I liked your article on Radical Self-Reliance but I had one quibble – that Radical Self-Reliance is at odds with the principles of Gifting and Communal Effort. I think they work in conjunction, a symbiosis of getting shit done and having a good time doing it. Like gifting, Radical Self-Reliance is an attitude, an attitude of “I will take care of my shit.” But we are not islands, sometimes there are more poles than we’ve got hands and the community provides through the gift of assistance or a friendly reminder to drink water (so you can figure out why the shade structure keeps collapsing.)
Radical Self-Reliance is in distinct opposition with a world view of “other people are responsible for my experience (my emotions and behaviors).” I see Radical Self-Reliance as being about mindful and accountable for ourselves, while still being open to receive the gifts that others offer freely.
As far as communal effort — having been part of a camp that collectively (though individual members were Radical Self-Reliance) didn’t have it’s shit together vs. camps that took care of their shit, I’d say that theme camps can be radically self-reliant too, through that communal effort.
Just my thoughts,
I agree with everything Gyesika says here. The Ten Principles function best as a group, rather than taking any one in isolation. Virgins often freak out at the prospect of bringing everything they need for a week-long or even weekend-long event. They are smart enough to realize that they will inevitably forget something essential such as toothpaste, but don’t know the event well enough to be aware that they will meet dozens of people who would happy to be their brushing buddy.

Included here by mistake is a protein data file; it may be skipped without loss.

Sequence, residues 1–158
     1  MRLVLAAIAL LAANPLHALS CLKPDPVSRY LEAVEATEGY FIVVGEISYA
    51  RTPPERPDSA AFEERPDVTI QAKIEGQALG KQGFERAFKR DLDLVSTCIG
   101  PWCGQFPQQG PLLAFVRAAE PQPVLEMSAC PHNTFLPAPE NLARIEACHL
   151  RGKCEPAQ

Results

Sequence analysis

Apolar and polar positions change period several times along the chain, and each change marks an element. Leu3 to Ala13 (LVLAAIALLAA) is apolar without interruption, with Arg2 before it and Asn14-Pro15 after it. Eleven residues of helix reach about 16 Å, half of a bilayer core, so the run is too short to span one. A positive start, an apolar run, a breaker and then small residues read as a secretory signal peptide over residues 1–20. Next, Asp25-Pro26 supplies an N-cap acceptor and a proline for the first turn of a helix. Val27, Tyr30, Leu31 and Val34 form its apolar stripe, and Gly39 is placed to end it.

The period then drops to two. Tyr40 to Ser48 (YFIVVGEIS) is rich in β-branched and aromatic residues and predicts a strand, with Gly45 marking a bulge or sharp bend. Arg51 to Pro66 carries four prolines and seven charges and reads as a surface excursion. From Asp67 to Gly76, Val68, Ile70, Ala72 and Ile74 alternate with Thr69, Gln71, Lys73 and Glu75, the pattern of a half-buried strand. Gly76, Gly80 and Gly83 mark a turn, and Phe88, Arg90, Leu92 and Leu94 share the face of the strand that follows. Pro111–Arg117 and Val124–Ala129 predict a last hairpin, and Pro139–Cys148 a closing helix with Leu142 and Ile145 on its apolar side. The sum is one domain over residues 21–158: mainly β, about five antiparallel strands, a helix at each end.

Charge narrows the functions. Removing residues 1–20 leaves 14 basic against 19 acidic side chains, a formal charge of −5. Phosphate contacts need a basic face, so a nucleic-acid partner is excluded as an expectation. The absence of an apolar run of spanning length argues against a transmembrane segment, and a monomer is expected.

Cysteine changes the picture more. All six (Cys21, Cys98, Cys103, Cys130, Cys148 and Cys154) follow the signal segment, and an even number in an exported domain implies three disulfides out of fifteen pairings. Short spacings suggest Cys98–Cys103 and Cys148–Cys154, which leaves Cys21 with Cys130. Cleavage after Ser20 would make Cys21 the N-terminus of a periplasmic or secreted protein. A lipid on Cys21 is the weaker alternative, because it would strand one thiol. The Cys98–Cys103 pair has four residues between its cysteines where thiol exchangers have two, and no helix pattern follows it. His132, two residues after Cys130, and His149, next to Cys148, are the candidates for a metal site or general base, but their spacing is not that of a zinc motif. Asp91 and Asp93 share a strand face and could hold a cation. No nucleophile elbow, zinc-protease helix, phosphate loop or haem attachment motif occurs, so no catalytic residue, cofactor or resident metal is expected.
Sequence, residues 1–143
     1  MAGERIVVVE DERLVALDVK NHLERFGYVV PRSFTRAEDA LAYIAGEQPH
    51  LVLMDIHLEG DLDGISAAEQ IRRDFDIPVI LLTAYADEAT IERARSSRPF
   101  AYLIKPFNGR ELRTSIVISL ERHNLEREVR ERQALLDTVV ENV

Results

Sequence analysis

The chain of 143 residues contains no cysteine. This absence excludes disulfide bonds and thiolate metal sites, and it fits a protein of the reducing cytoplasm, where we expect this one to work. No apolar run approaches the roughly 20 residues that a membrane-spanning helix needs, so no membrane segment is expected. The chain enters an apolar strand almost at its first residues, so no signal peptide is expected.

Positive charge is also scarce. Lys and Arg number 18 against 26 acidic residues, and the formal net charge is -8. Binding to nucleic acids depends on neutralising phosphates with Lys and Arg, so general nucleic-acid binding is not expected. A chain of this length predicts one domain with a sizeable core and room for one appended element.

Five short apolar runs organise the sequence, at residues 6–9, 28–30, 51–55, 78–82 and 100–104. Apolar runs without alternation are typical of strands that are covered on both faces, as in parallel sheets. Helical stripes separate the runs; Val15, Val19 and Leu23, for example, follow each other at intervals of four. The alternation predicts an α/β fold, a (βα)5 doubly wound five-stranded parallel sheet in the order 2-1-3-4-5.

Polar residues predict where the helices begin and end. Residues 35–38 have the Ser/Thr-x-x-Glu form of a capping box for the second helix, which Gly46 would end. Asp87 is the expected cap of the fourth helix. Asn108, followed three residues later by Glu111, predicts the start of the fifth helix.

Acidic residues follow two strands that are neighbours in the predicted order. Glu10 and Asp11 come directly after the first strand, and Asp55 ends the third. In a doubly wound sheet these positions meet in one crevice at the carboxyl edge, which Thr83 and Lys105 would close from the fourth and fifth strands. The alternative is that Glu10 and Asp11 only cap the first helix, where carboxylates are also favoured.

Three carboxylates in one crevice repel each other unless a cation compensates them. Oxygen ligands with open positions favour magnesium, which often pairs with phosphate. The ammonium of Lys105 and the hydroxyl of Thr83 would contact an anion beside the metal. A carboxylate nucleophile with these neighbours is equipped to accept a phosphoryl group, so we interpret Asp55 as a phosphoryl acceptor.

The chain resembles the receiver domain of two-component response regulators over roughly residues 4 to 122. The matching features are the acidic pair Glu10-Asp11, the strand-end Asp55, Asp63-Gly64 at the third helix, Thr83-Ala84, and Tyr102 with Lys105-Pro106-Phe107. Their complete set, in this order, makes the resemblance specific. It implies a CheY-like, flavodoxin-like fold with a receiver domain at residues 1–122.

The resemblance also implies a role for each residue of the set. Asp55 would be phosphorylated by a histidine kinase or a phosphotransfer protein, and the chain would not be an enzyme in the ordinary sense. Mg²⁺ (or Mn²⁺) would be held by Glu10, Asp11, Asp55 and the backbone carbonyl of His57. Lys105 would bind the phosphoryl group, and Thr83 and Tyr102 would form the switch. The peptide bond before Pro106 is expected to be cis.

I talk a lot about relationships here on this blog, and one of the most important lessons a person can learn about becoming intimate with another is to stop looking for someone to complete them. We are at our best when we are whole, functioning people in our own right; fully realized people have so much more to offer when they meet others of their kind. The same principle applies to the temporary communities we form at Burn events. A participant who is as prepared as possible and willing to take responsibility for their actions becomes better able to share themselves with others, and to appreciate what others offer.
In a recent discussion on FetLife’s Burning Man group (prompted by my list of Reasons Not to Go), one Burner shared the story of a military veteran who attended That Thing in the Desert. He figured having been in Iraq, he’d have no trouble facing everything the desert and the event could throw at him. He refused all gifts or offers of help, and as a result he had to be helped off the playa when the event became overwhelming. Radical self-reliance also means knowing how and when to ask for help!
Read more about Burning Man in A Burner Lexicon.